Victims who would not go to court feared they were lone voices
Friday 11 January 2013
Jimmy Savile escaped convictions for three sex assaults in the 1970s after his victims refused to give evidence in court after mistakenly believing they were lone voices against the high-profile entertainer.
One victim claimed that a detective told her that Savile’s lawyers would make “mincemeat” of her in a “big court in London” if the case ever went ahead.
An experienced rape specialist prosecutor failed to build a case against Savile even though there were “relatively strong” chances of prosecution if the women could be persuaded to give evidence, the official review into police and prosecution failings has found.
Police treated the victims and the accounts they gave “with a degree of caution which was neither justified nor required,” said Alison Levitt QC, who produced the report.
None of them were told that other women had come forward with allegations, which would have increased the chances of some of them giving evidence, the report found.
A woman sexually assaulted in Savile’s caravan was dissuaded by police from pursuing her allegation, said Ms Levitt. The woman, named only as Ms A, got the impression from police that she would be publicly branded a liar and her name would be all over the papers, particularly if she lost the case.
She was attacked after Savile’s chauffeur arrived unannounced in a Rolls-Royce at her house in 1970 after she wrote to him suggesting Savile could stay at her mother’s bed and breakfast.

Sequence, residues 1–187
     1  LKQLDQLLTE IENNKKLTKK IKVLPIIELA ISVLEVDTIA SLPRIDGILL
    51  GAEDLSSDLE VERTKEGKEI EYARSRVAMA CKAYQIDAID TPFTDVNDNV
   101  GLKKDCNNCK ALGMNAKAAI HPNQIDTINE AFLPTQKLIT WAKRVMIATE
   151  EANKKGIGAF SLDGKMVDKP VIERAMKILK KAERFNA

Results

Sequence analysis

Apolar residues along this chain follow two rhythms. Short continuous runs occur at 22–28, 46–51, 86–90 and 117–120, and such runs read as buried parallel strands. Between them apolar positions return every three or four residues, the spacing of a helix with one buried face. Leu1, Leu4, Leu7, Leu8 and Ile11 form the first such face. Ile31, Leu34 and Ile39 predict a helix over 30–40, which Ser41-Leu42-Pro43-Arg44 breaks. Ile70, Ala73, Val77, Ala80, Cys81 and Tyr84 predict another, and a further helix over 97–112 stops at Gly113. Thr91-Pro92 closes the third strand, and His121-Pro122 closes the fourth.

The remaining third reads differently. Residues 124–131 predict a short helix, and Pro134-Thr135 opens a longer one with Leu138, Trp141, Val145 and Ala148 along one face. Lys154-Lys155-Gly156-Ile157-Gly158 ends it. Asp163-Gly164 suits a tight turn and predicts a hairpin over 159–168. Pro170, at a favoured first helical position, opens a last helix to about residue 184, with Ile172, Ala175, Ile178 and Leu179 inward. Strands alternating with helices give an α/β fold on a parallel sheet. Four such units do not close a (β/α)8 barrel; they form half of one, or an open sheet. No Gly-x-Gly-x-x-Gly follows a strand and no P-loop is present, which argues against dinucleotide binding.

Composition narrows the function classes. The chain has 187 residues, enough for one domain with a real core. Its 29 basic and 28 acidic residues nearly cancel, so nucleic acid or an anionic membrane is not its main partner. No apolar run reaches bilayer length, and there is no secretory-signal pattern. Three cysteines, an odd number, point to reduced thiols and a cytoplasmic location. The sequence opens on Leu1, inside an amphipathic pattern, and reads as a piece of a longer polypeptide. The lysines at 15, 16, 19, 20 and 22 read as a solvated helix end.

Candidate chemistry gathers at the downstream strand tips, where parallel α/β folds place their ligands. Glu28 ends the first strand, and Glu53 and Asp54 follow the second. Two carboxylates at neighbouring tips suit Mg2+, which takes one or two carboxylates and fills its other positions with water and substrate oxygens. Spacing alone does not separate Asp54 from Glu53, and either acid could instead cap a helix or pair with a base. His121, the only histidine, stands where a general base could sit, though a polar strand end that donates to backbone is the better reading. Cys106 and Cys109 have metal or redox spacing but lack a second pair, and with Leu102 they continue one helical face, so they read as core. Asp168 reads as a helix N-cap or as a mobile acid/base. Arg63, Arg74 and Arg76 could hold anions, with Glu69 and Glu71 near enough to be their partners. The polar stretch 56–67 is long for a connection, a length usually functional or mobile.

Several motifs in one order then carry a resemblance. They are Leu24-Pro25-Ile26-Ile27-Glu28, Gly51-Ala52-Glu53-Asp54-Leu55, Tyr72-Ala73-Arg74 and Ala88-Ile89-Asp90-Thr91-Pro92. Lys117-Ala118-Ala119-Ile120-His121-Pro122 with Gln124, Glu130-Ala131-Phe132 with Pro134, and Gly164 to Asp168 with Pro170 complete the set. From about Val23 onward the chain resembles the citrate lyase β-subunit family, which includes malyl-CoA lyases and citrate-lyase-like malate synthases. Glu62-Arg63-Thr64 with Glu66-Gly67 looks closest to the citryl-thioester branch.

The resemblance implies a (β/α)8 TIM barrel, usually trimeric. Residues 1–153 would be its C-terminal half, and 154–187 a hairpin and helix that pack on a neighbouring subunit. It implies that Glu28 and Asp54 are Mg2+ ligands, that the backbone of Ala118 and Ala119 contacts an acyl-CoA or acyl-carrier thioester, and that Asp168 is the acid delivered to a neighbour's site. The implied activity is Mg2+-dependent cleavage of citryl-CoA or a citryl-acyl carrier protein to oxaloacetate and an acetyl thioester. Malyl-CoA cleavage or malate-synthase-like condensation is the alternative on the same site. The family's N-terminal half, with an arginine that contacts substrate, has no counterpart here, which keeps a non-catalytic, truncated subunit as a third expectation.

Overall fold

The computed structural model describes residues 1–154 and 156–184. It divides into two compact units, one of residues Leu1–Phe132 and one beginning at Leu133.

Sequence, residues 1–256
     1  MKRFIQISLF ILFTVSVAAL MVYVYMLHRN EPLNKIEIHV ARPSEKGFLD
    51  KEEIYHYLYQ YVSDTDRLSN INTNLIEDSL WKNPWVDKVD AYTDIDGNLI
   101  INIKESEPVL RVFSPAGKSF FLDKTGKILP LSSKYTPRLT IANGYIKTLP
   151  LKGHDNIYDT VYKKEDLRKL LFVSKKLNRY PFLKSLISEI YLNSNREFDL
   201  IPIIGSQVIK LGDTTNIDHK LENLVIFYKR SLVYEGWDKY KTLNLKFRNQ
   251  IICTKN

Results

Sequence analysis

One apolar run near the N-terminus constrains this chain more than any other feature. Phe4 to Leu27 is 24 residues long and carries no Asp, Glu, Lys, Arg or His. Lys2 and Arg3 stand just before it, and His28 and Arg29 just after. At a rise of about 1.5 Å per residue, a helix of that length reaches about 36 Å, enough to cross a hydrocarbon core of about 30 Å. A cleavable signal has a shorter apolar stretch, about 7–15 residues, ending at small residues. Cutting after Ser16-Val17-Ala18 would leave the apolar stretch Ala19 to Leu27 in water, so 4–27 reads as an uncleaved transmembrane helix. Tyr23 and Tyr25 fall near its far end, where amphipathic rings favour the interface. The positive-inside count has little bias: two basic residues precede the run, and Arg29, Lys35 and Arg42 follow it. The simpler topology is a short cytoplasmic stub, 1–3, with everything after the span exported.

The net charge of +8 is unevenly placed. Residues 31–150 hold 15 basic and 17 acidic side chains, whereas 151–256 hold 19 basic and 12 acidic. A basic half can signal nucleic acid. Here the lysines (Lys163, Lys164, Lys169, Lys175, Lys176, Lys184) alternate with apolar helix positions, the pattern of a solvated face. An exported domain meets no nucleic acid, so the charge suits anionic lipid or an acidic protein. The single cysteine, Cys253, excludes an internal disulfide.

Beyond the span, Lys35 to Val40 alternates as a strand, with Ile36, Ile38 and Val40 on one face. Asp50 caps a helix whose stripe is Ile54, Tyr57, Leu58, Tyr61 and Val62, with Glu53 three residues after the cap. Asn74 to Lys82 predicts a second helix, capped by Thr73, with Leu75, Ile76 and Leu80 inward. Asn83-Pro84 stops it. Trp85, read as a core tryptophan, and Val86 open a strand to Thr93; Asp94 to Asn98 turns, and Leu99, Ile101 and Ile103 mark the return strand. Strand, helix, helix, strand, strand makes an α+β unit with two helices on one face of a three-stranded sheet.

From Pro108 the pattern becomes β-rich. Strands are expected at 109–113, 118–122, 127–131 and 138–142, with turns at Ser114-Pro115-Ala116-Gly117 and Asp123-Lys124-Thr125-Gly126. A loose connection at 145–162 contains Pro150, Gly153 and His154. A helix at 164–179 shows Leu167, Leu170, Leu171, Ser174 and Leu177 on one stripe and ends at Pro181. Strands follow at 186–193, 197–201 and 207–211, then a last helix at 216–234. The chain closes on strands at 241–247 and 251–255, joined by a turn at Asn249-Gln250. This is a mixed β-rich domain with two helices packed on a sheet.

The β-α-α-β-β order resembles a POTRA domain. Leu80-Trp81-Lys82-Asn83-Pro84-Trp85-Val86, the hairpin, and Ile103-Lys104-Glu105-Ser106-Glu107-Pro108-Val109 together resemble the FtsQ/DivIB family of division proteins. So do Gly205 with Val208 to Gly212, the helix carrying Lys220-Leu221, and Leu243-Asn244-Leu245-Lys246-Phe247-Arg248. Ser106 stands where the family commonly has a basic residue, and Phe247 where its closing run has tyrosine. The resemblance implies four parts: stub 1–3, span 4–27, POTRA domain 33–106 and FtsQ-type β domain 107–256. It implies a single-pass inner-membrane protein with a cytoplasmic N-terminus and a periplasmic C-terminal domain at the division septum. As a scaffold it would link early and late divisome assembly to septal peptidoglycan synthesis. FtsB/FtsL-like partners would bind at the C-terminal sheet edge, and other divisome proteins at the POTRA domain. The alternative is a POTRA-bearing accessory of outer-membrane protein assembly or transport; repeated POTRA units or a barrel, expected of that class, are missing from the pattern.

Ms Levitt, a legal adviser to the Director of Public Prosecutions, Keir Starmer, found that all three of those cases could have been prosecuted.
A fourth case, when a teenage girl said Savile demanded she perform a sex act on him at Duncroft school, was correctly not pursued to prosecution, though for the wrong reasons, said Ms Levitt.
Mr Starmer today apologised for the failures of the prosecution, and ordered an overhaul of the way such cases were conducted.
“If this report and my apology are to serve their full purpose, then this must be seen as a watershed moment,” he said.
The 128-page inquiry report released today exposed failures during a slow-moving police inquiry, flawed decision making and errors in transcripts.
Detectives knew but failed to act
Surrey police investigated after a witness at Duncroft reported seeing Savile put a 14-year-old girl’s hand on his crotch. The victim corroborated the story but the case was not pursued.
Sussex police investigated the assault of “Ms A” in Savile’s caravan in 1970. “I’d like to lock you up in a cupboard and you’d be with me all the time,” Savile is said to have told her. She reported the attack in 2008.
A 14-year-old member of a girls’ choir told police that Savile kissed her on the lips and put his tongue inside her mouth after she performed at Stoke Mandeville Hospital.
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